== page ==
5 Essential Natural Hair Care Tips from Philly Salon Owners
It’s no secret that women of color across the globe have been jumping on the #TeamNatural train and embracing their beautiful, all-natural curls and textures. But sometimes it can be a struggle deciding what treatments and styles are right for your hair (not to mention the eternal fight against dehydration, shedding and shrinkage). Two of Philly’s best natural hair salon owners tell us the best natural hair care tips they’ve learned over the years. Read on to find the essential products, treatments, and maintenance practices to keep your God-given curls in top shape. Take notes, ladies.
Psst: If you’re thinking about transitioning from relaxed to natural hair, this post is for you!
#1. Good hair care begins with your diet.
As the old adage goes, you are what you eat. Syreeta Scott, owner of Duafe Hollistic Hair Care, explains, “Factors such as dehydration, vitamin deficiencies and unhealthy diets can result in dry, brittle hair. Beta-carotene is essential for hair growth and can be found in vegetables such as yams, winter squash, turnip greens, carrots, kale and spinach. Vitamins B3 and E promote scalp blood circulation. Vitamin B5 prevents graying, and Vitamin B6 and B12 prevent hair loss.” (Syreeta has been a salon owner for over 15 years, managing the manes of local celebs like Jill Scott and The Roots’ ?uestlove.)
Kim Rollins of East Passyunk’s Oxsun Natural Hair Spa echoes this advice: “Getting a 15-minute steaming treatment and five-minute scalp massage increases blood flow and stimulates hair follicles to produce more healthy sebum.”
#2. Say no to chemical processes and heat-based styles.
Duafe offers free consultations and a wide range of services, but one thing they don’t do is perms. “If your hair goal is to stay true to your natural curl pattern, avoid excessive blow-drying and press-and-curl styles,” says Syreeta. Let your hair air-dry or use the t-shirt drying method, and soon you’ll be rocking a beautiful head of moveable coils and two-strand twists.
#3. For loc styles, stick to products that are lightweight, clear, and rinse clean.
With so many myths about the best styling products to maintain locs, Syreeta wants to set the record straight: “Shea butters, cremes, and brown gel should not be used to tighten your locs. Products like those can create a build-up of residue which stunts hair growth.” Instead, go for styling products based in aloe vera and grape seed oil, as well as ones containing antiseptics like tea tree and rosemary oils to fend off bacteria. Locs are like sponges — would you put honey on a sponge? We didn’t think so.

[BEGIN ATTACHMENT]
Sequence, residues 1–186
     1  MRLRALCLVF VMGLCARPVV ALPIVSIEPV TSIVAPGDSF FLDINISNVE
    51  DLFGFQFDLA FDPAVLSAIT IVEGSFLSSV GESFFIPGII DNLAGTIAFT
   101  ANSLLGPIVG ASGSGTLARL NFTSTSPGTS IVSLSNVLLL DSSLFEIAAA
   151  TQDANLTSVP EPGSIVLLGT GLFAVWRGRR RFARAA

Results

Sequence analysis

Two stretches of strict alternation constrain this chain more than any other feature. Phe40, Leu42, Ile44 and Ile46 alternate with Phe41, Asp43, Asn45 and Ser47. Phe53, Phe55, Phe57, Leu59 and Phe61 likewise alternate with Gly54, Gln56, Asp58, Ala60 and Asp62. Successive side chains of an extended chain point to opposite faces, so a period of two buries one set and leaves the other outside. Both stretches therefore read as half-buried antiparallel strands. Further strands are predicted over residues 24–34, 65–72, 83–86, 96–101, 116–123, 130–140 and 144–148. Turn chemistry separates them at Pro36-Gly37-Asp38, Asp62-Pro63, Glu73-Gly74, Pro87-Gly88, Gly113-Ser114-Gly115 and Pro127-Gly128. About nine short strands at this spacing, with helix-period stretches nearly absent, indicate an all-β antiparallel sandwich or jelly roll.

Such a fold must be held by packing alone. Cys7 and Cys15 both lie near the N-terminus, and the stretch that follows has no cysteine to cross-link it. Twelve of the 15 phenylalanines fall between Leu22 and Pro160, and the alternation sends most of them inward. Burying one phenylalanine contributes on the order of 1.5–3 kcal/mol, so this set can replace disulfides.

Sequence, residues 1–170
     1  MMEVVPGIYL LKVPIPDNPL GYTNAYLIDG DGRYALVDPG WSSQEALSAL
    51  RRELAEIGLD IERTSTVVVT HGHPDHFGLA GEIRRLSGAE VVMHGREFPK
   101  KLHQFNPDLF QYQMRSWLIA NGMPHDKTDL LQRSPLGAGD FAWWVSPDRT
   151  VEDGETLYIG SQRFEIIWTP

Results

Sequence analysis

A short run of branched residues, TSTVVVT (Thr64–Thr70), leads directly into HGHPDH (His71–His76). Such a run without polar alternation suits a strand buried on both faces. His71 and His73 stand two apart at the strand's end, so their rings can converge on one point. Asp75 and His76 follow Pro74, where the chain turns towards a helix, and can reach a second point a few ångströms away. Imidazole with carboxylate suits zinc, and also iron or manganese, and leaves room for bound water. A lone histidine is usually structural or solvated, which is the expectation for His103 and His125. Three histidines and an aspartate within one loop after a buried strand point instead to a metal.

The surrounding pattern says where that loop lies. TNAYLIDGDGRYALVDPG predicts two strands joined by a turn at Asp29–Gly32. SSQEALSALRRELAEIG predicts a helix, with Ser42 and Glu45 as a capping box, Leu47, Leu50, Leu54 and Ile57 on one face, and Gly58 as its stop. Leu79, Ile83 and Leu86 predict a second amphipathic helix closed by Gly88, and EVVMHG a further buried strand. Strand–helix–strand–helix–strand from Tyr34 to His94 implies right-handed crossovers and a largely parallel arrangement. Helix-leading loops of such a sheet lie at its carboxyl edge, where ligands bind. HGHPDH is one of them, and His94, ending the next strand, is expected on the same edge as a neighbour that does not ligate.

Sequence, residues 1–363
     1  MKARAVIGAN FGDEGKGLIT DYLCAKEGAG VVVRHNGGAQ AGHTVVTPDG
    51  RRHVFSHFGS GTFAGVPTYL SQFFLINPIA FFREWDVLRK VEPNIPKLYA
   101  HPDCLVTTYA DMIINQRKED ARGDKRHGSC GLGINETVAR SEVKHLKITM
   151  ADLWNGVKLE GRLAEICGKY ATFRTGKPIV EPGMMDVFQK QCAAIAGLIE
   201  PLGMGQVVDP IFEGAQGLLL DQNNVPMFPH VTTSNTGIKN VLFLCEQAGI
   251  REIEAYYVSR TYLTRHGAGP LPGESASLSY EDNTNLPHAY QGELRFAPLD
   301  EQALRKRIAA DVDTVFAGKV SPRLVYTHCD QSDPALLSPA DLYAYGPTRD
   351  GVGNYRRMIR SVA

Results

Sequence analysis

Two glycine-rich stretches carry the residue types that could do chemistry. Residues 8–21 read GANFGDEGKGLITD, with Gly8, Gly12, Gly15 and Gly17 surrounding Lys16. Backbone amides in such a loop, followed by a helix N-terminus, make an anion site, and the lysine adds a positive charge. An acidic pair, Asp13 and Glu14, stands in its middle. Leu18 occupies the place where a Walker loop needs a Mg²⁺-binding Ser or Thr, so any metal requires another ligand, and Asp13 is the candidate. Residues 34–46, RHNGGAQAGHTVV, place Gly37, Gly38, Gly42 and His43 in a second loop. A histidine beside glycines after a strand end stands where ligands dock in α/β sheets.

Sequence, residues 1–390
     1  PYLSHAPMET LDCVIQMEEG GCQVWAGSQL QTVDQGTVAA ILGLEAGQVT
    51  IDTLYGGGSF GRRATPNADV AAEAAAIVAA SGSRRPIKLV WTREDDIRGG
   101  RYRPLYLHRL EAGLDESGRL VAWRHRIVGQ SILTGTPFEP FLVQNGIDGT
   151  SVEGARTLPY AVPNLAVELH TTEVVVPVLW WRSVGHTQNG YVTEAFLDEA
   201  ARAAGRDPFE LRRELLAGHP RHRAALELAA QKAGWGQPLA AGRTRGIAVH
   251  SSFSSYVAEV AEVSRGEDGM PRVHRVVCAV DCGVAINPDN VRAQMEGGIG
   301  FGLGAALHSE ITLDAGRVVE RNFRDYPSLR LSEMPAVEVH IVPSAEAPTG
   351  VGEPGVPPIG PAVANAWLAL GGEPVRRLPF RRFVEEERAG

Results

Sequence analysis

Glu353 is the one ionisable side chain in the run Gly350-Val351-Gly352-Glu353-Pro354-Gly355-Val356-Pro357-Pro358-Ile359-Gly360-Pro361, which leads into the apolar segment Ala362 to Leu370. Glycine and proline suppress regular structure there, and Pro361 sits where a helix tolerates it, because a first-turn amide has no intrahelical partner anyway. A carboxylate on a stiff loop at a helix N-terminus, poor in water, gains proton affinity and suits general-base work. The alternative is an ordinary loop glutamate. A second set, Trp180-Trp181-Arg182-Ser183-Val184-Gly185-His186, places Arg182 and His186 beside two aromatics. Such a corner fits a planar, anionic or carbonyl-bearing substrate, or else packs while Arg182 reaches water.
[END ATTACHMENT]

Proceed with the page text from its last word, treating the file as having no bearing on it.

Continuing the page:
#4. The secret to long-lasting braid styles is careful maintenance.
The standard longevity of individual braids is around two to three months, but that doesn’t mean you should ignore them in the meantime. “Five to six weeks after the initial appointment, have your stylist re-do the four rows of the perimeter and six rows of your crown,” says Syreeta. This ensures that the weight of the braided hair does not damage your new growth. Just be sure to wear these styles in moderation: Too-tight braids, extensions and weaves can cause sudden hair loss.
To keep hair looking fresh, Kim says, “Make sure to wrap your hair in a silk scarf before you go to sleep to keep your ends looking good and lock in moisture that can easily be lost on the pillow.” Wrapping and staying hydrated are crucial for rocking high-volume styles like elegant faux-hawk up-dos, topknots and French-braided buns.
#5. Make sure you aren’t washing your hair too much.
It’s a simple philosophy: Natural hair requires more natural oils to thrive. Shampoo (especially one with sulfates) acts as a detergent, stripping the hair of moisture and leaving your natural curls and kinks brittle. So just how often you should wash your hair? It really depends on your lifestyle, product usage, even the climate, but try not to go longer than two weeks without a wash. “A healthy hair habit is to dilute your shampoo with water before applying to your hair,” says Syreeta. That way, it won’t completely rid your scalp of those natural oils. At home, you can treat yourself to a monthly hot-oil treatment before you shampoo to replenish those healthy oils—it takes all of 20 minutes and a shower cap.